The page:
MOST of us remember the days when we were growing up with nostalgia, because those were the days when as children we would meet outside and socialize.
Those were the days when boys would be found outside engaged in all sorts of games, from playing soccer barefoot on dusty grounds to girls jumping rope until the late hours.
But for parents nowadays, they have to cope with children who are always glued on their smart phones playing games and accessing social media platforms, without realizing the dangers that lurk within. The internet can be a dangerous neighborhood for everyone, but children and teens are especially vulnerable.
From cyber predators to social media posts that can come back to haunt them later in life, online hazards can have severe, costly, even tragic, consequences. Children may unwittingly expose their families to internet threats, for example, by accidentally downloading malware that could give cyber criminals access to their parents’ bank account or other sensitive information.
Protecting children on the internet is a matter of awareness—knowing what dangers lurk and how to safeguard against them. Although cyber security software can help protect against some threats, the most important safety measure is open communication with your children.
A 2018 survey of children’s online behavior found that approximately 60 percent of children who use social media have witnessed some form of bullying, and that, for various reasons, most children ignored the behavior altogether. And according to enough.org, as of February 2018, nearly half (47 percent) of all young people had been the victims of cyber bullying.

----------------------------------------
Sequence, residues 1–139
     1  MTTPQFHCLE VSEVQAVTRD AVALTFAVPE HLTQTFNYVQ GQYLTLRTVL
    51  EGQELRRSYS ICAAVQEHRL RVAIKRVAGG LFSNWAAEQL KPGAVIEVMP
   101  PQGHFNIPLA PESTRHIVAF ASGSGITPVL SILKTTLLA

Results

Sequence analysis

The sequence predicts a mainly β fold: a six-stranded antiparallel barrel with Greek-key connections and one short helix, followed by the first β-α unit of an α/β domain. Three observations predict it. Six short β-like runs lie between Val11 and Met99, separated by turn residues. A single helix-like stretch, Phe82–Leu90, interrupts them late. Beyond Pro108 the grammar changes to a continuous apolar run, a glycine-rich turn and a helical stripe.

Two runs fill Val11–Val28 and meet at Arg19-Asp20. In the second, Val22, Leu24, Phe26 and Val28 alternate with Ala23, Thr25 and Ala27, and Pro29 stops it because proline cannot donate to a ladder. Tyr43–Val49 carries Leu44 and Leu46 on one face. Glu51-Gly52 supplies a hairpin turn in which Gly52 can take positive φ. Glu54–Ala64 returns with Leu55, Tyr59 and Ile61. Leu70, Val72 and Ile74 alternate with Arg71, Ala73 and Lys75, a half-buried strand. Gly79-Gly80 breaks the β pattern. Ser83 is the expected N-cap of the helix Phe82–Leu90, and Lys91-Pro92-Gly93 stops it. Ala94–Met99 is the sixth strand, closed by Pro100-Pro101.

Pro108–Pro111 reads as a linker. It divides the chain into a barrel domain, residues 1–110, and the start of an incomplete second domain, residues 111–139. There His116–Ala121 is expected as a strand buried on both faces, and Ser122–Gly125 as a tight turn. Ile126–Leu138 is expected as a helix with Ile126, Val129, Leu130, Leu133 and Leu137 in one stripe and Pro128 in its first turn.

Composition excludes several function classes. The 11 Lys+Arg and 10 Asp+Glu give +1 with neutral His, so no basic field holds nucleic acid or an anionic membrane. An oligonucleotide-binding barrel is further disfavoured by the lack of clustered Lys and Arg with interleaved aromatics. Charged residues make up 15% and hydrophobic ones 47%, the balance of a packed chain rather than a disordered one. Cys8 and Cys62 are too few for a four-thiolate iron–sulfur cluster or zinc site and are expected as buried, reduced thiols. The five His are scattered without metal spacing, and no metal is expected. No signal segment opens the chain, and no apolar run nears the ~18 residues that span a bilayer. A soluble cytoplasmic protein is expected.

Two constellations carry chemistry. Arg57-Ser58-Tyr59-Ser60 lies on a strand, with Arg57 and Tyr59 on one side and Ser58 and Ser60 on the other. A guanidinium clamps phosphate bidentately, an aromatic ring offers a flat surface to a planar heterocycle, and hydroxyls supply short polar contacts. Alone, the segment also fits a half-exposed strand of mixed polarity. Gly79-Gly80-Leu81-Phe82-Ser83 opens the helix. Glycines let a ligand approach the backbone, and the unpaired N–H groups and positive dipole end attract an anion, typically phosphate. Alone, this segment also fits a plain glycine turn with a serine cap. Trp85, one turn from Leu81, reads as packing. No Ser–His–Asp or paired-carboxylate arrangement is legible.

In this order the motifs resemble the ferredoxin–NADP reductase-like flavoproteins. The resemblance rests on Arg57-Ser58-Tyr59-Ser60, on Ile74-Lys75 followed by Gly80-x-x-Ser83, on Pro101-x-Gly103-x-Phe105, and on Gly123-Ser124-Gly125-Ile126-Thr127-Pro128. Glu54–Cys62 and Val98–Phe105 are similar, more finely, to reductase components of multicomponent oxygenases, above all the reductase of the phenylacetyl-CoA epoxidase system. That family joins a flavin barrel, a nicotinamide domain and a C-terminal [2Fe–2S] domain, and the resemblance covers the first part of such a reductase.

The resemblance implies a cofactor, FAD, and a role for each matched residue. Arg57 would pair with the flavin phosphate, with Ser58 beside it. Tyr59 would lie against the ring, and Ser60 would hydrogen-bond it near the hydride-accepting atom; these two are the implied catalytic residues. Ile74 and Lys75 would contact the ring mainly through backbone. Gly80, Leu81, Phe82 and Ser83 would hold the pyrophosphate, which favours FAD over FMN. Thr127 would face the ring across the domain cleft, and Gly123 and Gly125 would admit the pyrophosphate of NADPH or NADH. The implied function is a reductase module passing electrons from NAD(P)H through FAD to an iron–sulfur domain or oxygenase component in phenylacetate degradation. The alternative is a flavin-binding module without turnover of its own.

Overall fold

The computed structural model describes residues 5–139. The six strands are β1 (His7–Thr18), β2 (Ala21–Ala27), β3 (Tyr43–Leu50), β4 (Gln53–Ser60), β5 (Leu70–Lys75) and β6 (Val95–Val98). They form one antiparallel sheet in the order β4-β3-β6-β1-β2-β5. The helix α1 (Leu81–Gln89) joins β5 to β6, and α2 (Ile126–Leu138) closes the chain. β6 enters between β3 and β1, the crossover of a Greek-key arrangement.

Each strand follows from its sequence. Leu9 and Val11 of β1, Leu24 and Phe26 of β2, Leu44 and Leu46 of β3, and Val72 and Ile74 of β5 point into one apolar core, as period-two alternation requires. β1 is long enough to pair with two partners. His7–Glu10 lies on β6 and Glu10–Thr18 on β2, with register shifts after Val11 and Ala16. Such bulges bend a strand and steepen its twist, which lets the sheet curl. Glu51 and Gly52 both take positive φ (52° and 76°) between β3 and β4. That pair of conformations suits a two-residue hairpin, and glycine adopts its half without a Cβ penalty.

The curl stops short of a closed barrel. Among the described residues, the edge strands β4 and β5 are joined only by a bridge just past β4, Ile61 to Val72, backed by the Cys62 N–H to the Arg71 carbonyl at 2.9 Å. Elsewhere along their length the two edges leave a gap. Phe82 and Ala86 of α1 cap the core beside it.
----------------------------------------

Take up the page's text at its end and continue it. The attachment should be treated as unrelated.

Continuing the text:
Social media and online games are today’s virtual playground, and that is where much cyber bullying takes place, and it’s operating 24/7.
Children can be ridiculed in social media exchanges The best foundation for protecting against cyber bullying is to be comfortable talking to your children about what is going on in their lives online and in in real-life (IRL) and how to stand up to bullies.
Cyber security software and specialized apps for monitoring your child’s online and mobile activity can help, but nothing will replace an open dialog.
These days sexual and other predators often stalk children on the internet, taking advantage of their innocence, lack of adult supervision and abusing their trust.
This can culminate in children being lured into dangerous personal encounters IRL. Much, but not all, of what your children post is in public view.
This means that you can also see it—and there’s no harm in reminding them that if mom and dad can see it, so can everyone else. Avoid snooping, but speak frankly to your kids about public boundaries and what they mean for them and their family as a whole.